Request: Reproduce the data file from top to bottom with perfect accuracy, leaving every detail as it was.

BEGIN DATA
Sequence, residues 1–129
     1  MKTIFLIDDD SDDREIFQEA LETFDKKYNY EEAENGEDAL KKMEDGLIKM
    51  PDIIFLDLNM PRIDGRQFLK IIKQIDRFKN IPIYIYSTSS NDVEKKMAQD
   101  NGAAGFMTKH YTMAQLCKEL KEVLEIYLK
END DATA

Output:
Sequence, residues 1–129
     1  MKTIFLIDDD SDDREIFQEA LETFDKKYNY EEAENGEDAL KKMEDGLIKM
    51  PDIIFLDLNM PRIDGRQFLK IIKQIDRFKN IPIYIYSTSS NDVEKKMAQD
   101  NGAAGFMTKH YTMAQLCKEL KEVLEIYLK